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App Stores: From Mobile Platforms To VMs – Ripe For Abuse

Android Market

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This CNN article titled “Google pulls 21 apps in Android malware scare” describes an alarming trend in which malicious code is embedded in applications which are made available for download and use on mobile platforms:

Google has just pulled 21 popular free apps from the Android Market. According to the company, the apps are malware aimed at getting root access to the user’s device, gathering a wide range of available data, and downloading more code to it without the user’s knowledge.

Although Google has swiftly removed the apps after being notified (by the ever-vigilant “Android Police” bloggers), the apps in question have already been downloaded by at least 50,000 Android users.

The apps are particularly insidious because they look just like knockoff versions of already popular apps. For example, there’s an app called simply “Chess.” The user would download what he’d assume to be a chess game, only to be presented with a very different sort of app.

Wow, 50,000 downloads.  Most of those folks are likely blissfully unaware they are owned.

In my Cloudifornication presentation, I highlighted that the same potential for abuse exists for “virtual appliances” which can be uploaded for public consumption to app stores and VM repositories such as those from VMware and Amazon Web Services:

The feasibility for this vector was deftly demonstrated shortly afterward by the guys at SensePost (Clobbering the Cloud, Blackhat) who showed the experiment of uploading a non-malicious “phone home” VM to AWS which was promptly downloaded and launched…

This is going to be a big problem in the mobile space and potentially just as impacting in cloud/virtual datacenters as people routinely download and put into production virtual machines/virtual appliances, the provenance and integrity of which are questionable.  Who’s going to police these stores?

(update: I loved Christian Reilly’s comment on Twitter regarding this: “Using a public AMI is the equivalent of sharing a syringe”)


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  1. March 2nd, 2011 at 08:11 | #1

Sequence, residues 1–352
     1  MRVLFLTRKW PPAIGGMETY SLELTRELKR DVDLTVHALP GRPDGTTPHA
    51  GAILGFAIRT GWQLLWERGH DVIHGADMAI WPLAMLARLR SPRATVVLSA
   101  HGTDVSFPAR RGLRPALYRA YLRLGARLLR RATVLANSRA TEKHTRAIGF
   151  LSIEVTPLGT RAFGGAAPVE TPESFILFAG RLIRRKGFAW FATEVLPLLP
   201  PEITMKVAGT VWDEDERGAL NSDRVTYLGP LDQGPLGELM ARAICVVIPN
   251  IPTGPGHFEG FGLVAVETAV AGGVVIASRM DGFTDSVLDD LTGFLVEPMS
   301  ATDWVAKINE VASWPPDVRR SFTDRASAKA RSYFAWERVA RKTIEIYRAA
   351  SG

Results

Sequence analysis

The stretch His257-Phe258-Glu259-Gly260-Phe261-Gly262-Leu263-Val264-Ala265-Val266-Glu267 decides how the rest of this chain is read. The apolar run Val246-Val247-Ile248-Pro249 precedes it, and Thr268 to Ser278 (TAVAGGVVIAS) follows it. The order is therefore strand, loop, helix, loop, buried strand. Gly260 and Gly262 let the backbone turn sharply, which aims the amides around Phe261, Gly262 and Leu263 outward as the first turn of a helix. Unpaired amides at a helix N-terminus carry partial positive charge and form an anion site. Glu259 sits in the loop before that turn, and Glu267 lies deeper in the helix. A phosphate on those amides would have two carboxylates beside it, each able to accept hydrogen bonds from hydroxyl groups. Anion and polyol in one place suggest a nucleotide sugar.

It took about 10 years to teach people not to download and install .exe files on their desktops, and people still do it. Installing a public virtual appliance or Android app is going to be just as risky and it will probably take users only half as long to fix their behavior.

    For public virtual appliances, the only answer is to either download signed virtual appliances from vendors directly, or perhaps to sandbox and use behavioral approaches to spotting bad behavior. But if you have to do that, what's the point of using the VA vs building your own in the first place?

    Time to pub ebay reputation-style mechanics in play for publishers of VAs, maybe.

    Nice post.

  2. Jeremy Jarvis
    March 2nd, 2011 at 09:42 | #2

    Interesting post, thanks Chris. Stimulated some good debate on twitter. IMV chain of trust plays a big part and we'll see innovation along those lines, whether signing images with certs and/or community rating mechanisms.

  3. March 2nd, 2011 at 10:57 | #3

    To expand on Jeremy's comment, I would like to point out that a basic form of chain of trust already exists in major public IaaS clouds that have a notion of catalog of customer-contributed and shareable VM templates – for example, when run against a given EC2 region, "ec2dim -o 099720109477" command will return a list of images created by Canonical, creator of Ubuntu Linux distro, in this particular region.

    Of course the current system is not yet perfect, at times not automated end-to-end (for example, I needed to go to Ubuntu website to find their AWS account ID) and does not yet sufficiently deal with all potential risks, but it's a start.

  4. March 6th, 2011 at 19:09 | #4

    I'm absolutely in favor of what is trying to be put across in this blog post. People will never learn unless they face the same problem. I feel fortunate to have stumbled across this post. The idea is put forward in a nice way easy for people from all walks of life to understand. Thanks for this wonderful share.

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